ESG and sustainability are increasingly at the centre of business thinking about a more purpose driven approach to enterprise and therefore to attracting and retaining staff, clients, and capital.
It is rarely out of the news one way or another with, as just one example, the gifting of the outdoor clothing company Patagonia to a trust which will use future profits to combat climate change being widely reported over the last couple of weeks. ESG also attracts some controversy still both from those who are anti-ESG in principle and also those who support its principles but who are concerned that the ESG label can be put on companies or products which don’t merit it. This is a perfectly reasonable concern in the absence of a common set of non-financial reporting benchmarks or of any external assessment of whether a company or product objectively satisfies those benchmarks. The recently released EU Corporate Sustainability Reporting Directive (CSRD), available here, suggests one approach to this but it is still one of several and excludes unlisted SME’s.
We have also seen how external events can change the perception of what should come within ESG. For example, we may think somewhat differently about investment in the defence industry or in nuclear power generation, subsequent to the invasion of Ukraine.
None of this should be particularly surprising since as business evolves to recognise that it maximises shareholder value by satisfying a wider set of stakeholders, it will take time for thinking to evolve, and for common benchmarking standards to be established to create a baseline for non-financial reporting. It does not mean that ESG is likely to be any less important now or for the future.
Let tax lead your ESG thinking now?
Taxation is an integral element of ESG for a whole range of reasons. First, taxation is fundamental to both the social contribution made by the company through payment of taxes, and to governance and purpose since the approach of a business to paying taxation reveals a lot about the leadership of the business, its culture, and its approach to openness and transparency. Second, unlike many elements of ESG, taxation is already part of financial reporting, and it can also be objectively quantified, unlike the sometimes more subjective criteria for other elements of ESG. Third, whilst a long-term objective such as a commitment to net-zero will take years to achieve, taxation paid by a company is current, it says what is happening now. Finally, taxation, and a hostility to corporate tax avoidance, already has very high levels of public awareness.
The approach of a business to taxation now therefore stands as a powerful proxy for a company’s approach to ESG and sustainability, more generally both now and in the future. In this sense it is an early or leading indicator of whether a business is serious about ESG and its wider social purpose. So, thinking about tax strategy and reporting within a business can provide a powerful step for a company serious about ESG, and sustainability, and to building trust around its brand. To find out more about how employers could look to provide employees with access to electric vehicle solutions and/or solar panels by way of salary sacrifice, read our full article here.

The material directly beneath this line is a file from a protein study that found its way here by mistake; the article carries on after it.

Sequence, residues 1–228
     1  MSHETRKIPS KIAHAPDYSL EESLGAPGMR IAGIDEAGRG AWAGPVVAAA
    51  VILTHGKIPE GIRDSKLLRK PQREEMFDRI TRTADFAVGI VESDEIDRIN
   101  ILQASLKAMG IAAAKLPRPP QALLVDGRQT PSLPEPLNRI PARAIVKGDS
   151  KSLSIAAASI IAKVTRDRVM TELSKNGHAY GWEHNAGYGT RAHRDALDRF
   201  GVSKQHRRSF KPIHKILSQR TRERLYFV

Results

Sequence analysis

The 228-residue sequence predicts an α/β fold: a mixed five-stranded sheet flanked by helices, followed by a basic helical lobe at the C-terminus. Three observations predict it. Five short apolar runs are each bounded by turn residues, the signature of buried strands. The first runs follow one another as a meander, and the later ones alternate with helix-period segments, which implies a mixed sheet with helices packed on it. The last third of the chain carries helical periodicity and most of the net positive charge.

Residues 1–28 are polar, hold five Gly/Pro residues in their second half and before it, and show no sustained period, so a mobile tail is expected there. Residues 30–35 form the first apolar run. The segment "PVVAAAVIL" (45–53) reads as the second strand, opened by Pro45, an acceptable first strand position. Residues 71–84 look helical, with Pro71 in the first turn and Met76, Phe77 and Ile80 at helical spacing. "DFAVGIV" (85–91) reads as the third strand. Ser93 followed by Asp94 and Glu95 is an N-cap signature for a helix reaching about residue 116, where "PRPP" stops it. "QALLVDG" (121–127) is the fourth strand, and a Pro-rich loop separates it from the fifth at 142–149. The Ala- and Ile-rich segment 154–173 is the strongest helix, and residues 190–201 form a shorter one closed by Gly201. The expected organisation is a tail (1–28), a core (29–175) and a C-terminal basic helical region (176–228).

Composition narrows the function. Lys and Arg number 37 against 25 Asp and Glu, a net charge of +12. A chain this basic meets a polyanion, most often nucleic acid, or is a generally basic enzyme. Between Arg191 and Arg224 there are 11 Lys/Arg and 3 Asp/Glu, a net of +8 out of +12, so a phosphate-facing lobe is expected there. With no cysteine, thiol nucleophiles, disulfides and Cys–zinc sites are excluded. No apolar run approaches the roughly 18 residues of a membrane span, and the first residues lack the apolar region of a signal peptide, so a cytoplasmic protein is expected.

What might you do about tax and ESG?
Whilst there some emerging requirements for reporting such as Country by Country Disclosure, at the moment, and particularly for privately owned business, there are two broad approaches that a business can take. The first is to incorporate on a voluntary basis, both in your financial reporting and in your branding, greater transparency in your approach to tax governance and about the tax contribution the business makes. So, you look at your tax reporting through an ESG lens.
Governance will include a statement of strategy (commitment to compliance, avoidance of aggressive tax planning etc) and a control framework to ensure that this is reflected in day to day reality within the business. On tax contribution the starting point for most businesses is to focus on total tax contribution across all areas of taxation. These will typically be not only taxes borne by the company and which appear somewhere in the profit and loss account, but also taxes collected by the company – PAYE, NIC and VAT. Total Tax Contribution therefore arrives at a figure of tax generated by the economic activity of the company.
The business therefore creates a narrative through its financial reporting, and usually on its website too, on how it approaches tax, together with detailing the total tax receipts which it generates. This can help the company build trust around its brand with customers and suppliers and create pride and purpose for employees.
It is nevertheless a narrative created by the business about itself which could be perfectly accurate but nevertheless selective in what it chooses to say. To reinforce trust in the narrative, businesses may choose to take a second step of exploring external third-party accreditation from the Fair Tax Mark. The organisation provides external accreditation focussed on corporate tax only, using a comprehensive scorecard as its basis. A wide range of businesses have accreditation ranging from FTSE 100 companies through to smaller privately owned businesses. Well-known names with the accreditation include Lush, SSE and Watches of Switzerland.
How we can help
We would love to talk to you about how you can make tax one of the central elements of your ESG and sustainability strategy either by developing your voluntary reporting or in addition helping you prepare for an accreditation process.
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